Because it’s not working, as evidenced by any of the following:
- You still have diabetes. Chances are, your doctors believe that diabetes is a chronic, progressive disease, primarily because that is what they were taught. That is not true, unless you let it be. Your Hemoglobin A1c may be going up (or simply not going down) . . . you may be developing complications such as neuropathy, retinopathy, kidney disease, heart disease, etc. . . The bottom line is: If you’re still dependent on medications to control your diabetes, you’re still vulnerable to its myriad devastating effects on the body.
- You’re gaining weight. Unless you are on metformin, you are most likely gaining weight with your current diabetes medications, particularly with insulin and sulfonylureas (glipizide, glyburide, etc.). Despite the fact that the ADA suggests that following their dietary advice will help you lose weight to improve your diabetes control, their reliance on insulin to control the elevated glucoses that result from the carbohydrates (“healthful grains”, etc.) they recommend you eat is exactly what drives weight gain. Everyone gains weight on insulin, which subsequently makes you more insulin resistant and worsens your diabetes.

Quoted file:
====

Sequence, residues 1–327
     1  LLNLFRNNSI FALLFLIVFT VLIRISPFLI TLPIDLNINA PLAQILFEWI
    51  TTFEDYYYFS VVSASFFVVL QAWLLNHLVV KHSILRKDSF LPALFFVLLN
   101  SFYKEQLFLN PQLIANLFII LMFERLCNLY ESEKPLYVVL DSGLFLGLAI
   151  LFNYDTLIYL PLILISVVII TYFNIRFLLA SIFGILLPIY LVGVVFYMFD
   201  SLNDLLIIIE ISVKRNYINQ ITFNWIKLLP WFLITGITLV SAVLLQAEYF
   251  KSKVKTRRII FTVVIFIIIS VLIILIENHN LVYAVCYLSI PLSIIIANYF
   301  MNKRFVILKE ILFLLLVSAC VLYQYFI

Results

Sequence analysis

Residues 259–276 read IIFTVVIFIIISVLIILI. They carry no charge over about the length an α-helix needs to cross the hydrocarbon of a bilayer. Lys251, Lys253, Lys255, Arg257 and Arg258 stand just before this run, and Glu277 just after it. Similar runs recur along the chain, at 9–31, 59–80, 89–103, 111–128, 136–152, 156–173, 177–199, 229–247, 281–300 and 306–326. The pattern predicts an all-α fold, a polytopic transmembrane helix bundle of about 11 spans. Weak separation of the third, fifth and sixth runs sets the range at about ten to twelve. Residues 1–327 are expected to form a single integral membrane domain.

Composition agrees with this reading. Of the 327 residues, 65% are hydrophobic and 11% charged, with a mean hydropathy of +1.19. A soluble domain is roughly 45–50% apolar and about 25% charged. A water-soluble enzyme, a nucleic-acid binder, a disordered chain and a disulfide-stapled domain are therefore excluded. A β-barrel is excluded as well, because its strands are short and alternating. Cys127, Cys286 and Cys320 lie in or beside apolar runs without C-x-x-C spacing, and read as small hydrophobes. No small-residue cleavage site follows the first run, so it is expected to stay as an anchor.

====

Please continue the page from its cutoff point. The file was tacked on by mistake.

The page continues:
- You’re becoming more insulin resistant. Are you taking more medications than when you were first diagnosed? Do you need more insulin to control your glucoses than before? That’s because you are developing more insulin resistance, the very mechanism that caused your diabetes (and hypertension and made you overweight) in the first place.
Stop doing what’s not working. The conventional dietary advice for diabetes does little more than perpetuate your diabetes and allow your diabetes to continue wreaking havoc on your body. Before the “discovery” of insulin and the ability to manufacture insulin, dietary carbohydrate restriction was THE treatment for diabetes, both Type 1 and Type 2, because it worked. Modern-day pharmaceuticals and dietary advice are not reversing diabetes; rather, the prevalence of diabetes is rising.
Note: Any reference to “diabetes” is generally in regards to Type 2 Diabetes Mellitus. References to Type 1 Diabetes Mellitus will be specified.